Humanity Living Alongside Wildlife at American Prairie Reserve, Montana

With its three-fold approach; acquiring habitats, restoring wildlife, and sharing it with people, American Prairie Reserve is working towards a future where humanity can live in harmony with wildlife, and to leave these lands intact as a legacy for the generations to come.

About The American Prairie Reserve and its significance

The American Prairie Reserve is located in the Great Plains of Montana, USA and, unlike many national parks across the country that are formed of government action, American Prairie builds on existing protected lands by connecting swaths of fragmented public-owned lands together. The mission is to create the largest nature reserve in the US, which will serve as a refuge for people and wildlife, preserved forever as part of America’s great heritage and history. 

Once upon a time these vast grasslands were a prosperous habitat for bison, elk, wolves and bears to roam freely and, since the 19th century, many efforts have gone into making sure these wild, pristine lands remain intact for future generations. Today, American Prairie holds onto this mission to piece together different pieces of protected land to form a 3.2 million acre reserve. The aim is for these lands to remain the same as they have for thousands of years, for thousands more. 

A strong heritage of wildlife

By purchasing and preserving these lands for wildlife conservation and public access, American Prairie opens up a vast area to be enjoyed forever, by people from all walks of life. Although this region had once been known for its biodiversity, many populations are now diminished. American Prairie aims to rebuild wildlife populations through key strategic techniques including collaborating with state and federal agencies, partnering with local ranchers, and restoring the natural habitat of these species. 

The plains bison, also commonly known as the buffalo, is an iconic symbol of the free and open spirit of the Great Plains of North America. These magnificent animals once roamed these lands in their millions but now only approximately 31,000 remain in conservation herds. This means that bison no longer play their critical roles in shaping the biodiversity of the prairie. However, with the ongoing work of American Prairie Reserve, bison are being brought back to fulfill their ecological role in the landscape.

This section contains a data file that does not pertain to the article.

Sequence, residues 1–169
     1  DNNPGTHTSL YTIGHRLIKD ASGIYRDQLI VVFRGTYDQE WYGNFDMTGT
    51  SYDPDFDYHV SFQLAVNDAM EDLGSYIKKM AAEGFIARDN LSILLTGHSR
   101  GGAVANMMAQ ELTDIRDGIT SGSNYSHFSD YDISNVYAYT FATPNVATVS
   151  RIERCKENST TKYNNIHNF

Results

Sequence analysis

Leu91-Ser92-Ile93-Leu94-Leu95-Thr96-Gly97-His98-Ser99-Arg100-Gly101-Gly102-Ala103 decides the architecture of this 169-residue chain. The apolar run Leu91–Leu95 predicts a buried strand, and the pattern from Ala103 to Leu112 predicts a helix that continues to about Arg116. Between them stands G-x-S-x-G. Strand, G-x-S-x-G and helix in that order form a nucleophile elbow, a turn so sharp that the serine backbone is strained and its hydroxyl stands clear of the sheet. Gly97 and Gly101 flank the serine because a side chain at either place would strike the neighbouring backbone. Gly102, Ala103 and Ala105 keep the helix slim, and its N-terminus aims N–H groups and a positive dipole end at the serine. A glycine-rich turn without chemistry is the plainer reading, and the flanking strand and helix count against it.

People are proud of the heritage of wildlife that this region holds and more and more members of the local communities and beyond want to be a part of saving it as a part of American history.

“Everything that is in this creation is put here for a specific purpose. All the things that fly, swim, crawl, all have a special place in our culture. It is our responsibility as the two-legged to try and foster good relationships with the earth, and it’s beginning now.

“It does my heart good, it does my mind good, because as the buffalo grow stronger, my people grow stronger.”Kenneth ‘Tuffy’ Helgeson, Community Language Teacher, American Prairie

Honouring human history

As well as viewing their work as honouring a landscape and its wildlife that has helped shape the character of the country, American Prairie places a huge focus on preserving the region’s human history – honouring the Indigenous Peoples to whom the Great Plains are their home.

When visiting the reserve, it is possible to meet with indigenous leaders whose ancestors once lived alongside the bison, offering a perspective into a world where humankind and nature happily coexisted. These are the inspiring humans and their stories that are leading the way for American Prairie to realise its vision for all people to understand and enjoy.

Woman horseback riding in the american prairie on a Sustainable travel adventure

Dig a little deeper

Last Wild Places: American Prairie Reserve | National Geographic – YouTube

Join the journey to American Prairie Reserve here

At a Glance: Fundación
Rewilding Argentina


…acres (or 750,000 hectares) of land protected.


…metric tonnes of carbon dioxide equivalent sequestered.


…acres donated for new parkland creation.


This extraordinary wetland, the largest in Argentina, is home to 30% of the biodiversity in the country including endangered species such as the pampas and marsh deer, the maned wolf and grassland birds like the strange-tailed tyrant.

In 2005, what was to become one of the largest rewilding programs in the Americas was started, with the goal of restoring keystone species that had been extirpated from Iberá through hunting and habitat loss and were extinct in the region, the Province or, in some cases, the country. 

As the rewilding program developed, the cultural identity of Iberá began to recover alongside the ecosystems and natural processes, impacting a total population of 100,000 people who surround the park.

Today, Iberá stands as one of the world’s most successful ongoing conservation missions.